Delta2 and mertcan
vanhees71 said:
The intuitive answer is that Kirchhoff's Laws of AC circuit theory are derived using the quasi-static approximations (approximations, because two different ones are involved), i.e., in conductors (Ohmic resistances and coils) the "displacement current" is neglected (magneto-quasi-static approximation), approximating the Ampere-Maxwell Law of the full theory by the magnetostatic Ampere Law. In the space between capacitor plates the displacement current cannot be neglected but ##\dot{\vec{B}}## in Faraday's Law of induction (electro-quasi-static approximation). The upshot is that the quasi-static approximations used are good as long as the spatial extension of the circuit is small compared with the wavelength of the electromagnetic waves with the frequency of the AC, i.e., if ##\lambda \ll L##, where $$\lambda=2 \pi/k=2 \pi c/\omega=c/f.$$
tech99 said:
If you imagine a network consisting of just one resistor at the end of long wires, at high frequencies the distributed L and C along the wires causes the wires to act as transmission lines. The resistance is then transformed to a totally different impedance at the opposite end of the wires. For this reason, complex networks which are physically large are a problem at high frequencies. I have not had to tackle a network of this sort before, but I think an RF bridge would be an example where Kirchoff might be necessary. For the most part, networks are ladder or tee types, where Kirchoff is not necessary.
Thanks for your your return, My first question is : is there a proof when size of device on circuit gets smaller than wavelength, then kirchhoff law is much more true??
also I would like to say that I can not find nice examples and solution pertain to high frequency circuits on internet. Lots of stupid videos exist on youtube . Would you mind suggesting a book or pdf files or nice lecture notes or videos related to that topic in order to learn more effectively?

The standard textbook is of course Jackson, Classical electrodynamics.

vanhees71 said:
The standard textbook is of course Jackson, Classical electrodynamics.
Thanks @vanhees71 by the way is there mathematical proof when size of device on circuit gets smaller than wavelength, then kirchhoff law is much more true? ?

Sure, you can estimate the error made when doing the approximations leading from the full Maxwell equations to AC circuit theory. It's nicely discussed in Jackson, if I remember right.

vanhees71 said:
Sure, you can estimate the error made when doing the approximations leading from the full Maxwell equations to AC circuit theory. It's nicely discussed in Jackson, if I remember right.
Does it mean that I am slightly in error if I calculate the input impedance of a line, which is in free space, using ordinary transmission line theory? For example, using Zo and Zload?

vanhees71 said:
Sure, you can estimate the error made when doing the approximations leading from the full Maxwell equations to AC circuit theory. It's nicely discussed in Jackson, if I remember right.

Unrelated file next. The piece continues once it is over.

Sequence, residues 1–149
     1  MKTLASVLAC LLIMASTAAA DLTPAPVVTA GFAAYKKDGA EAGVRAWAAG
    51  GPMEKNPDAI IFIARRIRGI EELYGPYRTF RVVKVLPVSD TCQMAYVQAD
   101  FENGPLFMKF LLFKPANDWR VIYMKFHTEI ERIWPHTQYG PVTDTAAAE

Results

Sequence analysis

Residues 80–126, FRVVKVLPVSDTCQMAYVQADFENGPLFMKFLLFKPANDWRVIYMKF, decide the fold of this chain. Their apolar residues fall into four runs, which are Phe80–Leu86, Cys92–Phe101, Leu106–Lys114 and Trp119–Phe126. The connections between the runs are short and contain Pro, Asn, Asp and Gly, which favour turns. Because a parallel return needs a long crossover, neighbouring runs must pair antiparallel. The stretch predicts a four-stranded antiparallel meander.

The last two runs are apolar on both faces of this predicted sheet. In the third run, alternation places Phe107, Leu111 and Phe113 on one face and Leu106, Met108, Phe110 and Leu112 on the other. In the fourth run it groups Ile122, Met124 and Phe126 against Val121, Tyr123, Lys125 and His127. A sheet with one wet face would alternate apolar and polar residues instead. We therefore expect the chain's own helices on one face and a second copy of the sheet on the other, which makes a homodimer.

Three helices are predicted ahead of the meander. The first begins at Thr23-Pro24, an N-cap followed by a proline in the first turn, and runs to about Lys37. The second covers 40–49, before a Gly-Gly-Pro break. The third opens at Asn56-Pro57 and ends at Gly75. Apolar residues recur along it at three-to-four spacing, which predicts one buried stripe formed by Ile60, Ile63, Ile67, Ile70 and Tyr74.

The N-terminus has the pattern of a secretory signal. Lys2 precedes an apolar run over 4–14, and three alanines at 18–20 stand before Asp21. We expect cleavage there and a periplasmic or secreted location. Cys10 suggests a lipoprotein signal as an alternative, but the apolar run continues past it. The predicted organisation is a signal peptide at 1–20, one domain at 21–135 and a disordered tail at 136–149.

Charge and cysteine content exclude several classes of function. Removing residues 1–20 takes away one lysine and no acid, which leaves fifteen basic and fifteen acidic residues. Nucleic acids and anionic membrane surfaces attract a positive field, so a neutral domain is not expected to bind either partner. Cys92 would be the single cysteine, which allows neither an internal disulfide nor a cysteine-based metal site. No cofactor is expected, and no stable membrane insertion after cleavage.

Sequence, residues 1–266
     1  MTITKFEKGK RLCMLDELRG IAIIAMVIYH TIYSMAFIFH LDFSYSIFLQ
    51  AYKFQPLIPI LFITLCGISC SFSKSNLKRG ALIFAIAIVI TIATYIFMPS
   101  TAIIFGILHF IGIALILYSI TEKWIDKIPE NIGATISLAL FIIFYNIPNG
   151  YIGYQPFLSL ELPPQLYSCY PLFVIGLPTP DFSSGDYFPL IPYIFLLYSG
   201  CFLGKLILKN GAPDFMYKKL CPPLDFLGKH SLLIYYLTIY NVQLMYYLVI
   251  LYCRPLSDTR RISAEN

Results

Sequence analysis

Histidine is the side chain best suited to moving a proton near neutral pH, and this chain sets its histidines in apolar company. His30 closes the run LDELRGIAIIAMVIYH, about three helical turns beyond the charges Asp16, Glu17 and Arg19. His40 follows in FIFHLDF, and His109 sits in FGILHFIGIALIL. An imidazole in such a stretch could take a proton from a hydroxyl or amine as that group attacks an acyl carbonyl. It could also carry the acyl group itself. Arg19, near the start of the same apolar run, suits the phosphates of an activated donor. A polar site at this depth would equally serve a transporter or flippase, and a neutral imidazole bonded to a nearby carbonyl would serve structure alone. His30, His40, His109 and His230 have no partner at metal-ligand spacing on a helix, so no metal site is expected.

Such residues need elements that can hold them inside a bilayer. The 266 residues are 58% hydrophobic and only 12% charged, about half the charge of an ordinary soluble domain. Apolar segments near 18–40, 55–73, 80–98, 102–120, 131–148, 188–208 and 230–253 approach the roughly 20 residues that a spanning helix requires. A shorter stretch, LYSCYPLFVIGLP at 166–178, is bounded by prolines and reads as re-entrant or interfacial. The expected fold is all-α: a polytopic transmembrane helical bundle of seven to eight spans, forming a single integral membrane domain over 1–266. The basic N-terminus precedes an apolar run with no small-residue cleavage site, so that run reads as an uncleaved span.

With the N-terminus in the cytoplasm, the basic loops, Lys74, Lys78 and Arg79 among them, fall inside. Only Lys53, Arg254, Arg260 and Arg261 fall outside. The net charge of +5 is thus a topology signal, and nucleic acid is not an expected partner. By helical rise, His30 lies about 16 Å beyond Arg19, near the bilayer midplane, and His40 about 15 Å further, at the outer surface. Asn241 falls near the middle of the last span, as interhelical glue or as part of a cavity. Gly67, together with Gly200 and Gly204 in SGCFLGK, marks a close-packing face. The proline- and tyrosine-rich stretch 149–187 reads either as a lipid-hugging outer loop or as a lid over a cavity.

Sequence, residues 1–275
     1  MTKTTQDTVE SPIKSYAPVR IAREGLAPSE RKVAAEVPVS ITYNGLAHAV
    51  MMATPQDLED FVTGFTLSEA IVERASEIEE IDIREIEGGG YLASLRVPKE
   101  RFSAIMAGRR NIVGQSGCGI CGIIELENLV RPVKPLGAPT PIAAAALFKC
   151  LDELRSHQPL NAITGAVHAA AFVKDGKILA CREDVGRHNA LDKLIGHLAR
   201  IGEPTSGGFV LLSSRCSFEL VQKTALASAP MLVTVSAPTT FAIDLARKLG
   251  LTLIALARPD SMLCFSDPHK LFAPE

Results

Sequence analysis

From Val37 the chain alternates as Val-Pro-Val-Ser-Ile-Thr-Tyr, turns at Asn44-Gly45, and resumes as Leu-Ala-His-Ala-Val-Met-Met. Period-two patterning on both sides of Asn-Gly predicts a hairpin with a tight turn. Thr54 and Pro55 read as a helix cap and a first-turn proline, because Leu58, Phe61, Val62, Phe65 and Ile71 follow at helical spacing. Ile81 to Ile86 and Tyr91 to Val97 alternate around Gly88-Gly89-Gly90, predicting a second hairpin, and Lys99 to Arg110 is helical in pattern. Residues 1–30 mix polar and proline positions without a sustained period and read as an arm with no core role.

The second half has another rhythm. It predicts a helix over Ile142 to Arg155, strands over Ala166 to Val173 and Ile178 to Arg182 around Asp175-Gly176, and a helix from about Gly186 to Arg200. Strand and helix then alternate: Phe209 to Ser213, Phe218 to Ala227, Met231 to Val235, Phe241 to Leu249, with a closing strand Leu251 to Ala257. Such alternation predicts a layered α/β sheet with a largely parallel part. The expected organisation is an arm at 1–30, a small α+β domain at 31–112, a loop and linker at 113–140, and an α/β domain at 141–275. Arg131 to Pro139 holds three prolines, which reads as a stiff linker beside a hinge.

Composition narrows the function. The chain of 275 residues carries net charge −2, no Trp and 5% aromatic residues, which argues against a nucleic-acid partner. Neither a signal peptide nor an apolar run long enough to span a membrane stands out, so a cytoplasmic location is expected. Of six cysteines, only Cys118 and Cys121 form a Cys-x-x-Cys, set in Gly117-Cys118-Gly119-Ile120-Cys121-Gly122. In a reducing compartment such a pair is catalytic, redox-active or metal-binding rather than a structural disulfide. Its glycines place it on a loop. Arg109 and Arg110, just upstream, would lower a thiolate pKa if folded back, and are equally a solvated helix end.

@vanhees71 I have already the book but I can not find the proof that when size of device on circuit gets smaller than wavelength, then kirchhoff law is much more true??

Which Kirchoff law?

The current law simply states that current is incompressible (what goes into the node, must come out). In electrodynamics you would instead say that the integral of the current density over any closed surface must be zero (in simple terms current density*area = current )

Then, using Gauss' law on current density ##\boldsymbol{J}##:

##\oint d^2r \boldsymbol{J}.\boldsymbol{\hat{n}}=\int d^3 r \boldsymbol{\nabla.J}##

So the Kirchhoff's Current Law requires the divergence of current density to vanish. Take the divergence of the fourth Maxwell's law:

##\boldsymbol{\nabla}.\boldsymbol{\nabla}\times\boldsymbol{B}=0=\mu_0\boldsymbol{\nabla}.\boldsymbol{J}+\frac{n^2}{c^2}\boldsymbol{\nabla}.\boldsymbol{\dot{E}}##

So to get the Kirchhoff' Current Law you need ##\boldsymbol{\nabla}.\boldsymbol{\dot{E}} \to 0 ##

The Kirchoff's voltage law states, that voltages around a closed loop add up to zero. Voltage between points ##a## and ##b## is given by: ##V=\int^{b}_{a} \boldsymbol{E}.d\boldsymbol{r}##. So KVL is basically, ##\oint \vec{E}.d\boldsymbol{r}=0##. From Maxwell's third law ##\boldsymbol{\nabla}\times\boldsymbol{E}=-\boldsymbol{\dot{B}}##, so to get KVL you need

##\boldsymbol{\dot{B}}\to 0##.

At this point you have to start hand-waveing. For example, you could say that both conditions are satisfied if the time-scale of your oscillations is long (time-derivatives vanish). But what does long mean? Wave-equations couple space and time, so long time-scales are equivalent to short distances. The conversion factor is the speed of light. Have a look at microwave engineering books for more details. Did you check Pozar?

mertcan

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Delta2 and mertcan
Cryo said:
Which Kirchoff law?

The current law simply states that current is incompressible (what goes into the node, must come out). In electrodynamics you would instead say that the integral of the current density over any closed surface must be zero (in simple terms current density*area = current )

Then, using Gauss' law on current density ##\boldsymbol{J}##:

##\oint d^2r \boldsymbol{J}.\boldsymbol{\hat{n}}=\int d^3 r \boldsymbol{\nabla.J}##

So the Kirchhoff's Current Law requires the divergence of current density to vanish. Take the divergence of the fourth Maxwell's law: